THE Council of Churches in Zambia has called on the Church to wake up and start praying with open eyes.
CCZ general secretary Father Emmanuel Chikoya spoke at a media briefing in Lusaka.
“The simple message to the Church is that wake up! Let’s stop being hoodwinked. Baleke kutizembeleka (they should stop conning us), kutinama boza (lying to us). We need to begin to pray with our eyes open,” Fr Chikoya, an Anglican priest, said. “We have lived in this country; under the one party state, the Church was thriving. The Church thrives when there is opposition!”
He said every time the Church is “over-supported,” it becomes complacent.
“Wake up, the Church in Zambia. Just like drivers are told ‘don’t drive under the influence of alcohol,’ I also remind fellow Church leaders [that] don’t speak when you have been given those gifts because you’ll make wrong prophecies, which is ‘prophe-lying’,” he warned.
He pointed out that the CCZ was concerned about the country’s welfare.
“We would like to see a Zambia where we can talk to each other; a Zambia where dialogue is not just talked about but it is actually a reality. We are concerned that moves were made to sabotage the dialogue process,” Fr Chikoya said. “We are concerned about the violence levels, we are concerned about the shrinking civil society and media space. We are concerned about the selective application of the law. We are concerned about police brutality – heavy-handedness! That’s not the Zambia we want to see.”
The clergyman hopes to see a Zambia where the law is applicable to all, without discrimination.
Fr Chikoya further cautioned about the possibility of religious fundamentalism in Zambia.
“When you discriminate against other religious stakeholders, they are bound to react. They are bound to form groups and begin to counter react,” Fr Chikoya explained. “We should be able to make sure that we don’t disturb the peace. Christianity thrives by persuasion, and not because there is a decree, not because there is a ministry.”
He added that the CCZ would work in close collaboration with those that support good governance, accountability and transparent governance.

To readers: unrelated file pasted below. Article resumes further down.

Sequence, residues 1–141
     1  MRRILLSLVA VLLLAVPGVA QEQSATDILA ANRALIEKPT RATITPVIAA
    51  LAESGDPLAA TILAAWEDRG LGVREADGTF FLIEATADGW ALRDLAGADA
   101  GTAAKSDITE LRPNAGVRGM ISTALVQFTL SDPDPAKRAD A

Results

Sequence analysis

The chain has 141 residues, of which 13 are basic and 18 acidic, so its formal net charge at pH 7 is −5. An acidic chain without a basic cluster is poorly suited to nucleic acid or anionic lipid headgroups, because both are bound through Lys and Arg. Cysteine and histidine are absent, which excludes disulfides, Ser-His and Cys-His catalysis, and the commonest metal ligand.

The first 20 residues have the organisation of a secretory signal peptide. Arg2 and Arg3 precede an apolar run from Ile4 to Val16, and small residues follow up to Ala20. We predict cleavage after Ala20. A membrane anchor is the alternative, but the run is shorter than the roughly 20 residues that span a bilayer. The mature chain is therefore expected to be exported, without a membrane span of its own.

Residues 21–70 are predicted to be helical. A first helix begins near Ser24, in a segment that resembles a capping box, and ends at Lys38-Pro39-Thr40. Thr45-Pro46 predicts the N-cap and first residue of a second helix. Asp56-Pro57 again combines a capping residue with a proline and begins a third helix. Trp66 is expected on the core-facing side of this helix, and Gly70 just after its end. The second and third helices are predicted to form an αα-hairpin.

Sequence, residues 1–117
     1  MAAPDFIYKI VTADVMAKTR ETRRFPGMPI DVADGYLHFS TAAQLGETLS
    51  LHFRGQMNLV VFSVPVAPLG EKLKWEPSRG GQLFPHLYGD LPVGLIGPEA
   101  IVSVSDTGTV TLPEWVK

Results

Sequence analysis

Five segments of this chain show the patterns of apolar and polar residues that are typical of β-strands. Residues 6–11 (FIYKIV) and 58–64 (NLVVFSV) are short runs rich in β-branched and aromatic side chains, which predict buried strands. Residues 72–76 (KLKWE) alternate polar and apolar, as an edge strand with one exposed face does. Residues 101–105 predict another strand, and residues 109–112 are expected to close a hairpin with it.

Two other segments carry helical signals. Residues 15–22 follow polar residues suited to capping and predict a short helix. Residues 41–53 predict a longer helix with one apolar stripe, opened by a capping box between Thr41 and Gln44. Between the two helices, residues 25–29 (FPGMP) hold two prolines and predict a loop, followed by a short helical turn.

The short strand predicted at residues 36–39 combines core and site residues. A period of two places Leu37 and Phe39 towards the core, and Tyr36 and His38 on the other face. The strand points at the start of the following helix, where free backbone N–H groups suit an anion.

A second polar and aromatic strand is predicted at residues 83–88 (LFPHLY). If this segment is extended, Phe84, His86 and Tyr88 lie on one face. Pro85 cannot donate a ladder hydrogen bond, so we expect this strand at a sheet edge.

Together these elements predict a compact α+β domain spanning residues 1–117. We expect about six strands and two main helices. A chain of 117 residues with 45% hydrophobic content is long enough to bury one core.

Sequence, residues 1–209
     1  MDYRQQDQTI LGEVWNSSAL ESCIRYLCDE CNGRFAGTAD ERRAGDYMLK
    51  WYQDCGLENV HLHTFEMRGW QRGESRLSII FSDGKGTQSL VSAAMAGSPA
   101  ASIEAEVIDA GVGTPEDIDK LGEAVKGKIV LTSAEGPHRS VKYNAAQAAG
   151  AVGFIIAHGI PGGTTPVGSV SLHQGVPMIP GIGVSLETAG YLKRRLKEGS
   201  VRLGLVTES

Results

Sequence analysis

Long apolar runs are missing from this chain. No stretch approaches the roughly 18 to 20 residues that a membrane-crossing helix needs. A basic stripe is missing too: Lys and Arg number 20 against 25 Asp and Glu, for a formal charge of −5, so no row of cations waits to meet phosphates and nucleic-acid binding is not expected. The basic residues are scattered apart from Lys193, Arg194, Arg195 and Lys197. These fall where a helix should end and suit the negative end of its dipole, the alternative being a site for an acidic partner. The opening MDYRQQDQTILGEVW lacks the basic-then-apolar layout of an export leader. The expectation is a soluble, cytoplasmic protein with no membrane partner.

“And we’ll work with those that are for peace, in the real sense of the word, and not those that talk about peace,” Fr Chikoya said. “So, time has come for us to walk the talk. For a long time, we have kept on beating about the bush and we use religion as an avenue for political expediency. Church, wake up, once again.”
He also explained that coming from the Church perspective, “we get concerned about issues that affect the dignity of human beings.”
“So we gather in this place (at Kapingila House) with that understanding. We are not here because we hate anybody. [It’s because] we hate to see the country getting to levels that are not right,” Fr Chikoya said. “As the Church, we are concerned; of course, there is this constant agenda that we are a Christian nation and we have that in our preamble [of the Republican Constitution]. That has been preached over and over. Now it should be put into the executable way so that we actualise our Christian values.”
He appealed to the clergy to realise, as per his understanding, that: “Christianity is never validated by constitutions, by politicians.”
“[But] it is founded on the blood of Jesus and nothing else. And if we can’t live our Christianity, no constitution is going to make it thrive,” said Fr Chikoya. “I know this statement will make those that are very passionate about this agenda [to] believe that we are not Christians. But we are not Christians because of their opinions. We are Christians by belief and deed.”